Do not ask who I am and do not ask me to remain the same.
More than one person, doubtless like me,
writes in order to have no face.

Michel Foucault

Thursday, May 3, 2012

Eight-Point Arc







I am asked, at times, what “arc” means in a story. It is a question typically asked by new writers and, funny thing, they know the answer. Still, sometime they read a story and it just falls off the end of a cliff. No rise, no arc, no suspense, no surprise, and sometimes…no point.

Here are some examples a layman can understand in that we all know, we as writers, sometime speak a different language. I was reminded of “arc” the other night while watching a baseball game at the stadium. Granted Nigel Watts provides a better explanation, but here I will do it using a baseball analogy.


Stasis
Trigger
The quest
Surprise
Critical choice
Climax
Reversal
Resolution

Stasis
This is the “every day life” in which the story is set. Cinderella sweeping the ashes, Jack (of Beanstalk fame) living in poverty, or Harry Potter living with the Dursley’s.

Trigger
Something beyond the control of the protagonist is the trigger which sparks off the story.

The quest
The trigger results in a quest – an unpleasant trigger might involve a quest to return to the status quo; a pleasant trigger means a quest to maintain or increase the new pleasant state.

Surprise
This stage involves not one but several elements, and takes up most of the middle part of the story. “Surprise” includes pleasant events, but more often means obstacles, complications, conflict, and trouble for the protagonist.

Watts emphasizes that surprises shouldn’t be too random or too predictable – they need to be unexpected, but plausible. The reader has to think, “I should have seen that coming!”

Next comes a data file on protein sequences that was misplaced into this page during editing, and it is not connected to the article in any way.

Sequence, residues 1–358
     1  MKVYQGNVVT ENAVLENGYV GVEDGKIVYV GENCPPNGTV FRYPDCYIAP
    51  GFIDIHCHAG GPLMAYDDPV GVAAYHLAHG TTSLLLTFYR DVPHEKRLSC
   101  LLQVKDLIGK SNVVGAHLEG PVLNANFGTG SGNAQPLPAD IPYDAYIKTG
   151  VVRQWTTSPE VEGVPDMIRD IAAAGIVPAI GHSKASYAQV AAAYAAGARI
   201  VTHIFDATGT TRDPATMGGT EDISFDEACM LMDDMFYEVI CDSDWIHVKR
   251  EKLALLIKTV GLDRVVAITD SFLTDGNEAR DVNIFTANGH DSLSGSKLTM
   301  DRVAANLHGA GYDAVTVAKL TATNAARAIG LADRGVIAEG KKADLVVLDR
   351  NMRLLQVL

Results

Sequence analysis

Critical choice
At some stage, your protagonist needs to make a crucial decision; a critical choice. This is often reveals the real character personalities. Watts stresses this has to be a decision by the character to take a particular path – not just something that happens by chance.

Climax
The critical choice(s) made by your protagonist need to result in the climax, the highest peak of tension, in your story.

Reversal
The reversal should be the consequence of the critical choice and the climax, and it should change the status of the characters – especially your protagonist.

Your story reversals should be inevitable and probable. Nothing should happen for no reason, changes in status should not fall out of the sky. The story should unfold as life unfolds: relentlessly, implacably, and plausibly.

Resolution
The resolution is a return to a fresh stasis – one where the characters should be changed, wiser and enlightened, but where the story being told is complete.

In the baseball analogy, it’s short and sweet:

Stasis – the baseball game
Trigger - Standing at bat
The quest – Hit the ball
Surprise – Slams the ball to outfield over outfielders head; runner gets to third base
Critical choice – Stay on third or chance making it home
Climax – Next batter hits a long drive
Reversal – Third base runner heads to home…will he make it?
Resolution - Third base runner slides into home plate and score (happy ending). Third base runner slides into home plate and the catcher tags him out (sad ending).


1 comment:

  1. I think my novel somewhat follows that. It starts out with her ordinary life, then stuff out of her control happens, etc. Of course I don't sit there and try to figure that stuff out beforehand. I think by and large people do this on instinct because we grow up reading, seeing, hearing stories.

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